Lila Corwin Berman
American Religious History and Modern Jewish History; Director, Feinstein Center for American Jewish History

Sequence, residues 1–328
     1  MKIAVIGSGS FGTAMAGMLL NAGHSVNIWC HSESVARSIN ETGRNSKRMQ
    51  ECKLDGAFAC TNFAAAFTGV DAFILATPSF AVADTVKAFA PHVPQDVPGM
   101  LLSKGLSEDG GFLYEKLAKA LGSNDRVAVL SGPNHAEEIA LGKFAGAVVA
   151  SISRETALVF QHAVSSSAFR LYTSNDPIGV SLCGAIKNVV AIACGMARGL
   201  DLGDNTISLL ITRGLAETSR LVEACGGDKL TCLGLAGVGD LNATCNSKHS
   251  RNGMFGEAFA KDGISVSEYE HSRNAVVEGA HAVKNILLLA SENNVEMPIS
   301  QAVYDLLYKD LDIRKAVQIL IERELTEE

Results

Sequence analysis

I received my B.A. from Amherst College and my Ph.D. from Yale’s Department of Religious Studies, where I focused on American religious history and modern Jewish history. My research explores the construction of Jewishness as a political, religious, ethnic, class, and geographic marker in twentieth-century America. My first book, Speaking of Jews: Rabbis, Intellectuals, and the Creation of an American Public Identity (University of California Press, 2009), examines Jews’ efforts to explain themselves to non-Jews from the 1920s through the 1960s. The project was awarded recognition by the Center for Jewish History and the National Foundation for Jewish Culture. I am currently working on a new book, tentatively called Exit City: Jews, Race, and the Politics of Migration that traces Jews’ journeys away from urban America in the postwar years. The book focuses in particular on Detroit and the ways that Jews remade their racial politics, communal identities, and spiritual lives as they left the city. I spent a fellowship year at the University of Michigan’s Frankel Institute for Advanced Judaic Studies doing research for this project. My articles have appeared in Jewish Social Studies, Religion and American Culture, American Jewish History, the Forward, and Sh'ma.